However, in spite of a considerable coastwise dispersion,
the overwhelming center of abundance of the
striped bass has been and remains in San Francisco
Bay and the Delta Area.
The principal commercial fishing grounds for striped
bass were located on the San Joaquin River in the Delta
country and the majority of the catch was taken in
gill and trammel nets. River landings reached a peak
between October and February, with the maximum
catches made in December. In San Francisco Bay itself
landings were most abundant during the summer.
Records of commercial landings are available for
most, but not all, years between 1889 and 1915. However,
between 1899 and 1915 it is evident that the
catch regularly exceeded one million pounds (Appendix
B-4). After 1915, regulations became progressively
more restrictive and the annual commercial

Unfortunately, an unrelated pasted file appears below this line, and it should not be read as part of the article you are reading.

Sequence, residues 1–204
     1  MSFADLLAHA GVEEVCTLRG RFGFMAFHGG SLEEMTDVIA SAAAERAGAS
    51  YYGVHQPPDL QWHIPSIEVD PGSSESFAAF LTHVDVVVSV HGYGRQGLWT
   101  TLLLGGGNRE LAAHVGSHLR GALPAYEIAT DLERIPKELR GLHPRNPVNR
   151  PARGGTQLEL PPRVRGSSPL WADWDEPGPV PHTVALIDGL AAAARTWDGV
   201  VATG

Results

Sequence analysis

catch dropped below a million pounds (Appendix
B-2). The species was completely removed from the
commercial category in 1935.
Several reports have been written about this species
in California. Scofield (1931) described the life history, fishery and commercial catch. Craig (1928 and 1930)
analyzed the commercial catch records and discussed
the status of the fishery. Clark (1933) continued this
work and came to the same general conclusion, namely
that the supply was at the time capable of supporting
the existing fishing pressure. Both cautioned, however,
against neglecting the effects of the rapidly growing
Part 1 of 6 |
Calhoun, A. J.
1949 California Striped Bass Catch Records From the Party
Boat Fishery; 1938-1948. California Fish and Game,
Vol. 35, No. 4, pp. 211-253.
1950 California Angling Catch Records from Postal Card
Surveys: 1936-1948 With an Evaluation of Postal Card
Non-response. California Fish and Game, Vol. 36, No.
3, pp. 177-233.
1951 California State-Wide Angling Catch Estimates for
1949. California Fish and Game, Vol. 37, No. 1, pp.
1952 Annual Migrations of California Striped Bass. California
Fish and Game, Vol. 38, No. 3, pp. 391-403.
1953a. State-Wide California Angling Estimates for 1951. California